Friday, June 23, 2006

Flag Day

Yes, it was June 14, but sitting here doing these essays is harder than I thought.

My maternal grandfather who we called Papa flew the flag. Every day was Flag Day for him. Until he and my grandmother, Nonnie, moved into town into an apartment, he had a flagpole in the yard. I can remember three different houses on the Central California coast that had a flagpole, and a view of the sea. Once he moved two blocks to get an unobstructed view of the Pacific, after houses were built that blocked his view.

My sister and I spent not a few summers with Nonnie and Papa. He put up the colors each morning and struck them each night. I learned to fold the flag. I was the only nine-year old in my school, Cub Pack, and neighborhood who knew how to fold the flag, and why it was folded that way.

The U.S. flag was always on top; then followed the California state flag, then maritime signal flags. He claimed that ships would see his flags and signal him, but I wouldn't know about that. He had some powerful binoculars, but even with those, I could barely make out the ships. The flags were important.

He showed me flags with 48 stars, 46 stars, and 50 stars. He had some ensigns from some naval vessels. My sister and I tried to make some flags out of scrap linen and crayons. He instructed us thus: The stripes alternate red and white starting with a red stripe at the top and ending with a red stripe at the bottom. A white stripe is under the blue star field. Proper proportions are 3x5.

When my sister and I were through playing with our flag creations, we just dropped them and went on to other things, as children will. Papa took them and burned them in the fireplace. "The US flag never bows to any other flag and it never touches the ground. If it does hit the ground, it is to be burned and replaced by another." We didn't make any more flags.

He died just after my 16th birthday. Nonnie and I burned his flags in our fireplace.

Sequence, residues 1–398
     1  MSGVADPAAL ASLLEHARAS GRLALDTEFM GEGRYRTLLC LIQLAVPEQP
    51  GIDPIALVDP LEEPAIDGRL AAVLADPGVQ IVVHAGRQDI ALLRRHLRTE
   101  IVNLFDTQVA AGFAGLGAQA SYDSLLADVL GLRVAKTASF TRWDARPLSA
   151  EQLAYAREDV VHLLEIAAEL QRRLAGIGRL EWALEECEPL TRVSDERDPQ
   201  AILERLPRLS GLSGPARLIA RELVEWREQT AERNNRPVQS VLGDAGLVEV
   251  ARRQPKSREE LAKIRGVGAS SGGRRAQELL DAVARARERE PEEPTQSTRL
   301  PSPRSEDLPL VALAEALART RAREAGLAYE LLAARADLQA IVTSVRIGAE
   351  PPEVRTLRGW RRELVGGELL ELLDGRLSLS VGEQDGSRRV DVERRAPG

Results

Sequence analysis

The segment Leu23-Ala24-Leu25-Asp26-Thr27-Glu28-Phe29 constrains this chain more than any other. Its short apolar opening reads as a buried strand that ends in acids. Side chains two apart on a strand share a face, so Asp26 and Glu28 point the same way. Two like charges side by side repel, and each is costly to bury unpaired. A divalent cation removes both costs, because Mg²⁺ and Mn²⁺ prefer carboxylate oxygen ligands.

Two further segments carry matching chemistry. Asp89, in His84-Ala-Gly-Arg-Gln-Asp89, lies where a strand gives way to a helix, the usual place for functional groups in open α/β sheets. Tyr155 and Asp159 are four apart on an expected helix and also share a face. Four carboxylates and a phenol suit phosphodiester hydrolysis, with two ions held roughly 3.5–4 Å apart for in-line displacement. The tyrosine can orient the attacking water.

Then people started protesting, and burning flags. Not really cool, I thought, but at least burning is proper. Then flags started showing up on folks' asses as patches, and other places as decorations. Great hue and cry from the establishment, which, by this time, I had abandoned. (1966) Desecrating the Flag it was called. We needed a CONSTITUTIONAL AMENDMENT. But cooler heads prevailed and free speech won. We could do all sorts of stuff to the flag, and not have to worry about the law.

Papa would have gone apoplectic. But I was into free speech. I had pangs of doubt about the flag cult and about free speech. We didn't fly the flag when Ms.CPB and I started a household.

I got drafted, and learned a whole new flag culture in the army. Everything on post stopped when the flag was raised and everything stopped when it was brought down: marching, cars, generals all stopped at colors.

I still like the flag and all that it stands for. (It was a little rough during Viet-Nam and Nixon, but I have matured since then.) I like it when our small village in the South sprouts flags every summer holiday. I liked it when our small suburban neighborhood in the 50s, full of war vets and post war kids, displayed the flag at each holiday. In fact, all those pictures of flags flying everywhere after 9/11 reminded me of my old neighborhood on Flag Day.

It's a good holiday. Too bad no one gets it off, paid.

I think Papa understood that the flag was the symbol for all that America stood for: the good he understood, the bad he didn't acknowledge. Patriots come in many forms: The Papas of the world and their hippie descendents both can salute the flag.




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